By Jean F. Andrews
Teaching a deaf child how to read and write is an area that has perplexed befuddled and flummoxed deaf educators for hundreds of years. Why is reading so difficult to teach? What is it about the alphabetic code of English traps deaf children, youth and adults into lives of illiteracy? Is hearing really necessary to learn to read?
Interestingly, deaf children of deaf parents learn to read more easily than most deaf children of hearing parents. This is because deaf children with deaf parents learn sign language early and upon this language base they can build English language skills in reading and writing. By logical extension, it would seem that deaf children would only need to be taught sign, then base English on that sign. But this does not always happen so smoothly. This is because most deaf children are learning both sign and English at the same time and this slows their development.
Another aspect of learning to read and write revolves around classroom instruction. In preschool and kindergarten classes there is a lot of matching activities where children match letters to sounds, words to pictures, signs to words, rather than having children read storybooks and texts. Now there is nothing wrong with these matching games as children often enjoy them. But the focus of quality reading instruction should focus around shared book reading–both provided by the teaching in translations of stories into sign, and by independent book reading by the child on their own. But how can a deaf child read a book if he or she does not have the vocabulary? That is the Catch-22. Indeed, many deaf children do not have the vocabulary to independently read storybooks on their own. However, there are picture books with simple words and simple phrases that teachers and parents can use develop in children a love and enjoyment of holding a book, or an e-book, and reading a story.
There are numerous reading paradigms that reading researchers bring to the table, in the journals and at conferences. For instance, do deaf children use phonology or do deaf children bypass phonology and go directly to print? Do signing deaf children use a special kind of visual phonology, using the repetition and rhythmic features of ASL and fingerspelling? Neuroscientist Laura-Ann Petitto thinks so. Petitto and her work with other cognitive scientists, linguists and psycholinguists, bilingual researchers, literacy researchers and neuroscientists at the Visual Language Learning Lab ( VL2 lab) at Gallaudet are producing research findings that may send reading instruction into new exciting directions.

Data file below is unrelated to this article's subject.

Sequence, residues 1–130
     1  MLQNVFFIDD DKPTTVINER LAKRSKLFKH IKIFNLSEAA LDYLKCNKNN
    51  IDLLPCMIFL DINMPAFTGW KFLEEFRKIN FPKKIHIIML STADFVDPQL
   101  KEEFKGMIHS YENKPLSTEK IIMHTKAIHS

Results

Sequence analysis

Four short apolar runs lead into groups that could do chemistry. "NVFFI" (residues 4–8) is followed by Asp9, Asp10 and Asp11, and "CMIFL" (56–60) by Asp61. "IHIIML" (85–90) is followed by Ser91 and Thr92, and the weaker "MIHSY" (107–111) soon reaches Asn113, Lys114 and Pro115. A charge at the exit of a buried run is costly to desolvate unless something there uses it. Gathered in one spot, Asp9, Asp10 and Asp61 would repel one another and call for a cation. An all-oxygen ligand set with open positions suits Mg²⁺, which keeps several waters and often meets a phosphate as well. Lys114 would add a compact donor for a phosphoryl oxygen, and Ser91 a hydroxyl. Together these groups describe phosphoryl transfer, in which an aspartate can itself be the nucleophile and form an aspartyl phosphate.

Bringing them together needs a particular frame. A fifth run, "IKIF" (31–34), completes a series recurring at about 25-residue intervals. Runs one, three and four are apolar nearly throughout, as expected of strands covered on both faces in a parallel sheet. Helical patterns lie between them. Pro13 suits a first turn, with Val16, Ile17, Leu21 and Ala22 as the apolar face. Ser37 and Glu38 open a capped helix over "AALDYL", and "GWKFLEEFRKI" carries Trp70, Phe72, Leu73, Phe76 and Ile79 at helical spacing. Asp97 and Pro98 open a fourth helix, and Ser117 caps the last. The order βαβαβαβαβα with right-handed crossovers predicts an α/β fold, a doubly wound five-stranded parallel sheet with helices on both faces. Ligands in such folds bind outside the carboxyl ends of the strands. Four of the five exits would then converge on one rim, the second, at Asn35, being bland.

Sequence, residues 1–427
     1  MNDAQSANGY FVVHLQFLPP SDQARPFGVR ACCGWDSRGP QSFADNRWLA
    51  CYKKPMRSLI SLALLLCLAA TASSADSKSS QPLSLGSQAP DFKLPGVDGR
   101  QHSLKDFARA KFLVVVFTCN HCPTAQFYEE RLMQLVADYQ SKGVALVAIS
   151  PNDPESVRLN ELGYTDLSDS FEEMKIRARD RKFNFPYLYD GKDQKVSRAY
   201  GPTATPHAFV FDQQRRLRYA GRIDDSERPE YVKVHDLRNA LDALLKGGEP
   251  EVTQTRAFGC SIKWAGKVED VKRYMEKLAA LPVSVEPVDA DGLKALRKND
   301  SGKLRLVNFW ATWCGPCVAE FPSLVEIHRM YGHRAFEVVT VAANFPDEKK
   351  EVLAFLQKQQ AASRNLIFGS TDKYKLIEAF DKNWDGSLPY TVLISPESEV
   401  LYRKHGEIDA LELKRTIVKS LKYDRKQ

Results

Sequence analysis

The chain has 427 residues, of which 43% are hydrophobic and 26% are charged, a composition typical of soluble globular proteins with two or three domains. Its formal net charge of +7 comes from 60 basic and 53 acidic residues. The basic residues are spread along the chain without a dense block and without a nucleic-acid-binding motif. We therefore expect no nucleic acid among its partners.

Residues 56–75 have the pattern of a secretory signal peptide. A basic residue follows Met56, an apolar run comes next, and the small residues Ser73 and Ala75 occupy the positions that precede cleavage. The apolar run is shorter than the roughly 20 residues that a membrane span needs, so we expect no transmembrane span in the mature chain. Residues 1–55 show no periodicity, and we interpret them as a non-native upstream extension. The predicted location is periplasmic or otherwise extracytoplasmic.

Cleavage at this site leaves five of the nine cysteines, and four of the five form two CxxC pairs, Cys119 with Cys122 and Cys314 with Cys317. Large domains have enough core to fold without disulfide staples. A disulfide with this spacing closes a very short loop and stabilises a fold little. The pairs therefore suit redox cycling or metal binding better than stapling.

Today, while researchers in deaf education are seemingly oceans apart, in their views about reading acquisition and development, they are in the same boat. Deaf educators do have common ground. Their common ground is that they agree of the harsh penalties and social injustices we impose on the Deaf community when we do not teach young deaf children how to sign, read, write, think and reason. And one only has to visit a deaf inmate in a state prison or city jail to meet these casualties of our educational system, whom we failed to teach how to read.
Jean F. Andrews is a Reading Specialist and Professor of Deaf Studies/Deaf Education at Lamar University.
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